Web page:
Recognizing Falsities: Information Literacy

In the wake of a brutal and drawn out election season, more and more disturbing truths are being revealed, especially regarding how people see, view, and evaluate information on the internet via social media sites. According to this study from Standford University, it was obvious that “students need further instruction in how best to navigate social media content, particularly when that content comes from a source with a clear political agenda.” That’s scary stuff! We’ve all seen the fake news sites that pervaded social media during this election and now its being shown that we’re not only being complacent in the spread of misinformation, but as librarians, we are actively allowing students to go out into the world without these skills.

In an article for School Library Journal, Laura Gardner broke down the implications of this study and what it means for school librarians and their programs. She begins with this question: “How can we educate our students to evaluate the information they find online when so many adults are sharing inaccurate articles on social media?” In my opinion, tackling this question with students needs to be a two-pronged approach – first, we need to admit to students that adults are not always right about the information they post and they are just as capable of being manipulated, and two, that we are there to teach them the skills and give them the tools to prevent that happening in their own social media use. One of these tools is the CARS checklist (linked in the article). This checklist provides students with questions to help them look at online sources critically and analytically. Along with this checklist and another toolkit for tackling a “post-truth” world, Gardner dives into a short, yet concise plan for helping our students use social media responsibly.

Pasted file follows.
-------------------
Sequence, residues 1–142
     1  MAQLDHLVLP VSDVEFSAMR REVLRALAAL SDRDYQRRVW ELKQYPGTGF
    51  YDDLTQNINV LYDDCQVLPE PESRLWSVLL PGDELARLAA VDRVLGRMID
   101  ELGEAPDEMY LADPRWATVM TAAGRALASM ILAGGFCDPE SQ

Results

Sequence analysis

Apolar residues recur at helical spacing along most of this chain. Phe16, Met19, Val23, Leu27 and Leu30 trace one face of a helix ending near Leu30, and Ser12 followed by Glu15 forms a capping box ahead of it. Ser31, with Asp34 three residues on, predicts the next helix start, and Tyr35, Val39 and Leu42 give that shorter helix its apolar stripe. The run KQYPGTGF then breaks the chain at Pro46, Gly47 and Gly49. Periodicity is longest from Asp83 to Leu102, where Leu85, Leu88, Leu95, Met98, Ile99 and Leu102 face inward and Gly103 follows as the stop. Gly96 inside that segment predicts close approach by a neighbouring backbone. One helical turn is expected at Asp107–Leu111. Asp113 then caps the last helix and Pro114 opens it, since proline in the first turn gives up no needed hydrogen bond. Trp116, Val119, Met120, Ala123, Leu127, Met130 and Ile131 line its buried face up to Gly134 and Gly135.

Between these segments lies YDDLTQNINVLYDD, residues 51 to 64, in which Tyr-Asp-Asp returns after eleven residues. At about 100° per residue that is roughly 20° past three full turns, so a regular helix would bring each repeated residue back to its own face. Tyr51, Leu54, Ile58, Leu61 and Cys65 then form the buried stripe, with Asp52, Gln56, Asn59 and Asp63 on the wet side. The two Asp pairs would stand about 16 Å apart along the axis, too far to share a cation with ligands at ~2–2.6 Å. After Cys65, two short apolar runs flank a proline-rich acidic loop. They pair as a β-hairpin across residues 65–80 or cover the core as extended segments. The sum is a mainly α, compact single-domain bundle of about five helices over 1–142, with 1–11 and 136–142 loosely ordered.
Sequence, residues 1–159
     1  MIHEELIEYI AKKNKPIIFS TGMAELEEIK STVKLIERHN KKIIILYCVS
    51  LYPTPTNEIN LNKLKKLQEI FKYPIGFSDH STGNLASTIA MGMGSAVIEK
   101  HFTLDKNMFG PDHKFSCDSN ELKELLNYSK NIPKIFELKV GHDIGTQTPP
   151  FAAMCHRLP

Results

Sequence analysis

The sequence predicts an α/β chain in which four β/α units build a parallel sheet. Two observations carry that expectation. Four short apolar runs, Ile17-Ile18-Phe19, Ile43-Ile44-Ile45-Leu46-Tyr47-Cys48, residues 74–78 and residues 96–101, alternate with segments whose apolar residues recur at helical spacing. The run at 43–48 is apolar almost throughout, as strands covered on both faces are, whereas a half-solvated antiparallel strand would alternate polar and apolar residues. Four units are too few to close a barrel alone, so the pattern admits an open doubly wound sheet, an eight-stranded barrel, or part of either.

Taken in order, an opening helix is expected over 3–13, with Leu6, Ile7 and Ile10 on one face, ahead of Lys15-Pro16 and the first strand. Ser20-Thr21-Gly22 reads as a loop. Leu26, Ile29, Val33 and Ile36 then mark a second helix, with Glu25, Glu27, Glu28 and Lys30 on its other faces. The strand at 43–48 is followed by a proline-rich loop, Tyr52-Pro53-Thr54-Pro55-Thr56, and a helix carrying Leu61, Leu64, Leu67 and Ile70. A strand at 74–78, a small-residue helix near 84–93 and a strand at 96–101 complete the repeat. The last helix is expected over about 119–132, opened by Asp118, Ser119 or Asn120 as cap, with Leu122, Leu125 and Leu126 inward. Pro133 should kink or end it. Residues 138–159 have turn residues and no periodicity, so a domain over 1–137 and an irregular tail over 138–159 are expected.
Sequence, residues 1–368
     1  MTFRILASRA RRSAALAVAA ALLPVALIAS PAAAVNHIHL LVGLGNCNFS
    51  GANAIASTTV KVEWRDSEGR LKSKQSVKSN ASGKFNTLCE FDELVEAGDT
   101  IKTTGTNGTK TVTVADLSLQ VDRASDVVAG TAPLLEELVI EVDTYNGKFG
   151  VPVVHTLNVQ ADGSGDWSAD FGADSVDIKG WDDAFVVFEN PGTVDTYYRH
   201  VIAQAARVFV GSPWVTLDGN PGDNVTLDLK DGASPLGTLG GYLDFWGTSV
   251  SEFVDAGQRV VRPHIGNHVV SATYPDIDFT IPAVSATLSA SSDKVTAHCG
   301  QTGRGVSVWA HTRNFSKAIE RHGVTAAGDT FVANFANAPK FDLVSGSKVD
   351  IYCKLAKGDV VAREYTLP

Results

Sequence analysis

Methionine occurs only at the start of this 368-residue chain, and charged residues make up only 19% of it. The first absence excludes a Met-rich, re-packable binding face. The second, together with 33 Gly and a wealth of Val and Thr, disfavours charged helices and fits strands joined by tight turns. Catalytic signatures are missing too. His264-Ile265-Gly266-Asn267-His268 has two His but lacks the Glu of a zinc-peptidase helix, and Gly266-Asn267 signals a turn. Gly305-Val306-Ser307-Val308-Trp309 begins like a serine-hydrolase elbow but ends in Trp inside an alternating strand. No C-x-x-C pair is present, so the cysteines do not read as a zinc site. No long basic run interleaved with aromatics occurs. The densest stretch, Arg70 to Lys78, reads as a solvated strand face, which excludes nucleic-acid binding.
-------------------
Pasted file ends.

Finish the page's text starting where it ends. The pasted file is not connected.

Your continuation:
She breaks it down into two sections: 1) rethinking how we teach evaluation, and 2) embracing the opportunity. Through rethinking our teaching methods, it is apparent that our past ways are just not good enough. Librarians need to become educated in the ways to recognize fake news today, in order to pass that information on. Part of that, is providing our students with realistic ways in which to analyze their news — how to find the sources, how to verify the authors, etc. This all should be done without ostracizing people based on their political, social, etc. views. Next, librarians should recognize this moment for what it is: a chance to teach our students an extremely valuable skill, in the hopes that we don’t have another political election that is dominated by misinformation.

Here is a quick lesson plan I put together that could be taught in the library or the classroom (I kind of imagine it as a library seminar):

  1. Conduct a presentation in which fake news is introduced as a major societal concern. Provide statistics from this past election. Introduce them to your “tool kit” for analyzing online sources. Show examples of fake news stories.
  2. As a group, critically look at examples of real and fake news stories using the
    “tool kit”.
  3. Provide more examples of new stories. Have students look at them individually using the tools provided, and then write down their own individual conclusions.
  4. Discuss conclusions as a group, going through each news stories.
  5. Prompt a discussion about the effects of fake news. Invite students to share their personal feelings and experiences.



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